TV Buzz: AMC's Breaking Bad Finally Crosses The Dark Side

Geez. Breaking Bad is breaking our innocent heart like the fourth grade. How about yours? With last Sunday's episode, "Mandala," the show tapped a pungent high too strong for /Film to ignore. Indeed, the latest ep in the best crystal meth drama outside of Wasilla, Alaska seemed to Ziploc the destinies of several main characters. Spoilers and tear drops ahead. If you're a fan, please chime in below. If you're not, what are you? A fan of Two and a Half Men? Do you know how much money that fat kid makes?!! Or, even worse, are you a fan of NBC's Mark (competing time slot)? Update: Discussion over the ominous body bags has started in the comments.

Jesse Pinkman would most certainly tack on a "Yo!!" to that question. Except, as seen in "Mandala"...Jesse Pinkman (Aaron Paul, amazing) is now a lost cause. He has truly become the loser that his well-to-do parents feared. A vacant spoonman. Thanks heroin. But really, a big, wet thanks should go out to his would-be girlfriend, the bad-news landlord with the shiny black hair, otherwise known as Jane. Sometimes known as Apology Girl. In a show that feeds on pun-y revelation, Apology Heroine would be too much. As played by the icily beautiful Kristen Ritter (Gossip Girl) Jane is revealed here to be an experienced spoongirl with addictions more chic and fatalistic than Jesse's. After so much Sopranos and Intervention, they are the tragic bedsitting couple that TV (and so many viewers) knows too well. We all saw this relationship coming to a head, right? Well, Jesse didn't. There are only seconds of hesitation before Jane is sinking a needle of meth and H into his veins. And then, in an exquisite bird's eye shot, Jesse is kissing the ceiling like a Danny Boyle Trainspotting baby at a FUBU store. His eyes say: "Yo, I'm gone. Leave a message if I know you."211-crop-4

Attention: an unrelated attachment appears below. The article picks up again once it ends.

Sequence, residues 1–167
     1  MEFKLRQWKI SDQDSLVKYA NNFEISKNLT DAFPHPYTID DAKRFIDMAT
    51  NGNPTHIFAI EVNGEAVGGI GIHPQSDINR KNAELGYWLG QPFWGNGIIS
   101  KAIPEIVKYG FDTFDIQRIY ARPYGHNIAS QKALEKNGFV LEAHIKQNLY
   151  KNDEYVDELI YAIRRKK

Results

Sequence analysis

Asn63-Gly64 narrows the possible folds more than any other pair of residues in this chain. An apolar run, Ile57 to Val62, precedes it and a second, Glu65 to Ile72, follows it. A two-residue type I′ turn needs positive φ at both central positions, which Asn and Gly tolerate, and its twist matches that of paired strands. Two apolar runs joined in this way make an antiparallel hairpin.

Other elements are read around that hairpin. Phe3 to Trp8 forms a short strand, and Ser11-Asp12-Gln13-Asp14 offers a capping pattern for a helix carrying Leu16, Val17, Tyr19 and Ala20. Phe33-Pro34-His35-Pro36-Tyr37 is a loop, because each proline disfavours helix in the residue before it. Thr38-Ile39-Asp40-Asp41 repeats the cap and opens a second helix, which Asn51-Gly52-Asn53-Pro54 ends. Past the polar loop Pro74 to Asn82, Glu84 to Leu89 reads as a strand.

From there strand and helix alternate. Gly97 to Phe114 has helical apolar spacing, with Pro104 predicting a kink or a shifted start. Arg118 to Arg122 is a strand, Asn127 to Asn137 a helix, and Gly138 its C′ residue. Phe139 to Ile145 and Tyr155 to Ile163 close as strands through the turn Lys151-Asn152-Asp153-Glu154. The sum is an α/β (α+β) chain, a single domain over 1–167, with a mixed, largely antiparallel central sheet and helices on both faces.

The sand-line between Jesse and Walt, beyond their age difference, their perspective on the frailty and hunger for life, has never been more defined. With Walt grasping Jesse's stoned-head like a piece of empty fruit in this ep, the dissonance now appears to be marked permanently with laser-like precision. Walt is impossibly driven and angry against his sallow appearance; Jesse fulfilled with youth yet empty inside his fading rep as a gangster: a killer revealed to the streets to be harmless. He's alone. And not only does Walt not care that a member (which one? Walt doesn't care about his identity either) of his make-shift cartel was slayed point-blank, he no longer wants Jesse as a partner. He's barely asking questions at this point. If the looming competitors want to find him, they will kill Jesse first. In the meantime, he needs to become a professional.